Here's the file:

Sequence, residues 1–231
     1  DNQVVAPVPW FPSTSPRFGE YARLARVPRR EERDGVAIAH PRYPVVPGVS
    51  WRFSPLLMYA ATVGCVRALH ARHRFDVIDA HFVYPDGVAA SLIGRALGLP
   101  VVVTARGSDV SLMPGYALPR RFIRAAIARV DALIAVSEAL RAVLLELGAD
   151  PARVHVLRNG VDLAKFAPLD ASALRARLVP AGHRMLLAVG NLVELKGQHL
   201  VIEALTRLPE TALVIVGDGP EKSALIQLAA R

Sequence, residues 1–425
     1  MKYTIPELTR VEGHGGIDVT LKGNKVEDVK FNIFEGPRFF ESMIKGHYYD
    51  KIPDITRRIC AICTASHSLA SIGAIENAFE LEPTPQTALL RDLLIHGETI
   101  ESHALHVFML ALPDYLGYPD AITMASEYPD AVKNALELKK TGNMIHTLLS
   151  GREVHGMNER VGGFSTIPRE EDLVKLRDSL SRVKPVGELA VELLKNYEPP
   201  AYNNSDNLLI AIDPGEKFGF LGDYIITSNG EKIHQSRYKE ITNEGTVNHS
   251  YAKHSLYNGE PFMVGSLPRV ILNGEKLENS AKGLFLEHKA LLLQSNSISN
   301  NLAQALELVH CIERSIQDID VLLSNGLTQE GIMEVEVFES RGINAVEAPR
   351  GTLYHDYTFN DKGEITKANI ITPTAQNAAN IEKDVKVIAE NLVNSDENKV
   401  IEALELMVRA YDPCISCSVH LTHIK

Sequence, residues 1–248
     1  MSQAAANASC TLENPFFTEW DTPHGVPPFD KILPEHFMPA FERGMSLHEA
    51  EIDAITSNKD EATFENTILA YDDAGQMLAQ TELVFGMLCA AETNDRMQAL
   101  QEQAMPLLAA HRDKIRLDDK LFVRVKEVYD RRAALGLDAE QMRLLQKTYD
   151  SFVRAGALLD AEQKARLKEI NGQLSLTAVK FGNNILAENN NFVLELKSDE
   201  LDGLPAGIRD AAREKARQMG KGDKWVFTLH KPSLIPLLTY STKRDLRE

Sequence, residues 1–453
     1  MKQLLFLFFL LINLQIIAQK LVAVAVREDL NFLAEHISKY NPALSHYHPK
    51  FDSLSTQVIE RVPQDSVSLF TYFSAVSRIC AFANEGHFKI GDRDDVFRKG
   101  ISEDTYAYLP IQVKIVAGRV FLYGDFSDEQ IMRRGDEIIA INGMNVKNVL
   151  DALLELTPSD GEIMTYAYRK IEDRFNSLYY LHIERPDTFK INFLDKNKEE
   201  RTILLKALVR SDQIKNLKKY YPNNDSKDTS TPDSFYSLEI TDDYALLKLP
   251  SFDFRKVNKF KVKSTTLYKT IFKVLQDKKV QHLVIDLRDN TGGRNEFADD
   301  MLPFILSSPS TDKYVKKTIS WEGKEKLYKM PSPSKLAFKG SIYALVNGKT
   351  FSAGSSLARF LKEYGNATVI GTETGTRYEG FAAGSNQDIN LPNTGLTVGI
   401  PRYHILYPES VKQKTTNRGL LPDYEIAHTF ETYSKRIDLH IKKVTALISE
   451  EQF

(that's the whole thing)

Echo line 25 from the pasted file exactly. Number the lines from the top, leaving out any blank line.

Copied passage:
    51  FDSLSTQVIE RVPQDSVSLF TYFSAVSRIC AFANEGHFKI GDRDDVFRKG